Hardik Pandya encountered a tough situation when he came out to bat in the fifth and final ODI against New Zealand in Wellington. India had recovered after a disastrous start of 18/4 thanks to 90 from Ambati Rayudu and partnerships of 98 with Vijay Shankar (45) and 74 with Kedar Jadhav (34). The quick dismissal of Rayudu and Jadhav threatened to stall India’s charge in the death overs and at 205/7 after 46 overs, India were staring at a below par score. Enter Pandya and he change the complexion of the game in a way he knew best. Counterattack. The right-hander launched three consecutive sixes off legspinner Todd Astle, muscled a pull shot off Trent Boult to fine leg with one leg off the ground ala Kapil Dev. The carnage continued when he launched James Neesham for two fours and a six. It took a fine catch from Boult to dismiss Pandya for 45 off 22 balls.
India had scored 47 in 3.5 overs to finish on 252 all out on what was described as a ‘difficult wicket’ by Rohit Sharma. Boosted by the performance with the bat, Pandya got the big wicket of Ross Taylor for 1 and put the result beyond New Zealand’s reach when he dismissed Mitchell Santner for 22. His blazing 45 proved to be the difference in the end of the day as India won the match by 35 runs to seal their best-ever scoreline in any format in New Zealand.
In the previous two games, Pandya had displayed his mental strength following his comeback. First, he took a fine diving catch at midwicket to send Kane Williamson back and break a solid stand with Ross Taylor. His aggressive spell in Mount Maunganui at the death when he got the wickets of Henry Nicholls and Santner drew praise from Taylor, who said, “Hardik brings in a very nice balance to the Indian side. He came in and bowled well, used the change-ups and bumper very well, with the wind as well. We wanted to negate the spinners as much as possible. I thought we were able to do that, but Hardik came in and got some vital wickets and a good catch as well,” Taylor said.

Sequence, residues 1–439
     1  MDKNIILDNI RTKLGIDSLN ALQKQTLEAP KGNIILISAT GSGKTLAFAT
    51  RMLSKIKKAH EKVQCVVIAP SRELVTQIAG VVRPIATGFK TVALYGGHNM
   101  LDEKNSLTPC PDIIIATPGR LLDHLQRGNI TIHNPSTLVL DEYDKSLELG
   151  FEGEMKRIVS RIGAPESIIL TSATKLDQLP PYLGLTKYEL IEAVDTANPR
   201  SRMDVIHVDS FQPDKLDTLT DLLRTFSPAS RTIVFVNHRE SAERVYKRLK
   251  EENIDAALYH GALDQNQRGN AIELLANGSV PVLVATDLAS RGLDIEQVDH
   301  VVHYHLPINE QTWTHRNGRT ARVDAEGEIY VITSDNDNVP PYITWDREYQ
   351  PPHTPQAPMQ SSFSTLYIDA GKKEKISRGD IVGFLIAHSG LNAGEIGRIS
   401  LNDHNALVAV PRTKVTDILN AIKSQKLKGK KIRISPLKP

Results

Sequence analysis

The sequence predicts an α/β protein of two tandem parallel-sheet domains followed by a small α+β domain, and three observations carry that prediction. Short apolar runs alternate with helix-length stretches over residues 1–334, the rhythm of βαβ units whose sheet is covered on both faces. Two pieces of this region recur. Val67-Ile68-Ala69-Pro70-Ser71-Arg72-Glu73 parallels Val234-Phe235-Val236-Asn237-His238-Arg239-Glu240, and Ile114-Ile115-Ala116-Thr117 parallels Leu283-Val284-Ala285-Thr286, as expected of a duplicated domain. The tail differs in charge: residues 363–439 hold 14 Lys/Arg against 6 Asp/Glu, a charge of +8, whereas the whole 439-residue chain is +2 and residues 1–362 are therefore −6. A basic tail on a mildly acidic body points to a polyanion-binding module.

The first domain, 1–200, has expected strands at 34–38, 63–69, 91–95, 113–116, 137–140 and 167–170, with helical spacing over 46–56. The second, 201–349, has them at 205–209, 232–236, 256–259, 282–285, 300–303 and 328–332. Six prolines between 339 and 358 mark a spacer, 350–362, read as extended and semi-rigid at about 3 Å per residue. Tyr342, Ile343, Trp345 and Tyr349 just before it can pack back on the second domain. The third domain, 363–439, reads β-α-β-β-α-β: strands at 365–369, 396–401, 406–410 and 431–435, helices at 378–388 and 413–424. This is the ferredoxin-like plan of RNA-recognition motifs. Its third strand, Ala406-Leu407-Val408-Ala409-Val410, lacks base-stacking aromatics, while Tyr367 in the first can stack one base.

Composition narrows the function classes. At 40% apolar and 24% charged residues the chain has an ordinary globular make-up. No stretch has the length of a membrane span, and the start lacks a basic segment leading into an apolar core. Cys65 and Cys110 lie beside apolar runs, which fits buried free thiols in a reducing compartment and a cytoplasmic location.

In the Hamilton drubbing, Pandya showed intent by hammering three fours off Boult who had already ripped through the Indian batting but was undone by a good short ball.
The Wellington knock is similar to the way the all-rounder changed the complexion of the game during the Chennai ODI against Australia in 2017. Pandya came to the crease with India in deep trouble at 90/5. Pandya, along with MS Dhoni, got their eye in and kept the scoreboard ticking. After building a solid base, Pandya decided to explode and he chose his moment. He blasted a four and three sixes off legspinner Adam Zampa. Following the onslaught, Pandya hit a boundary every over as India smashed 50 runs in four overs.
Initially, his knock of 83, studded with five fours and five sixes and his partnership of 118 with MS Dhoni, who blasted 79 helped India turn the match around in dramatic style to clinch a crucial win. Pandya’s all-round exploits helped India thrash Australia 4-1 in what still remains his best show. The Wellington ODI is a redemption for Pandya, who was facing an uncertain future after he was called back home from the Australia series following his ‘outrageous’ comments on the show Koffee With Karan.
Pandya was suspended but it was revoked. The all-rounder showed his value in Wellington and India’s balance and depth is enriched. It is now upto the all-rounder to capitalise on this revival and not get into any more controversies off the field.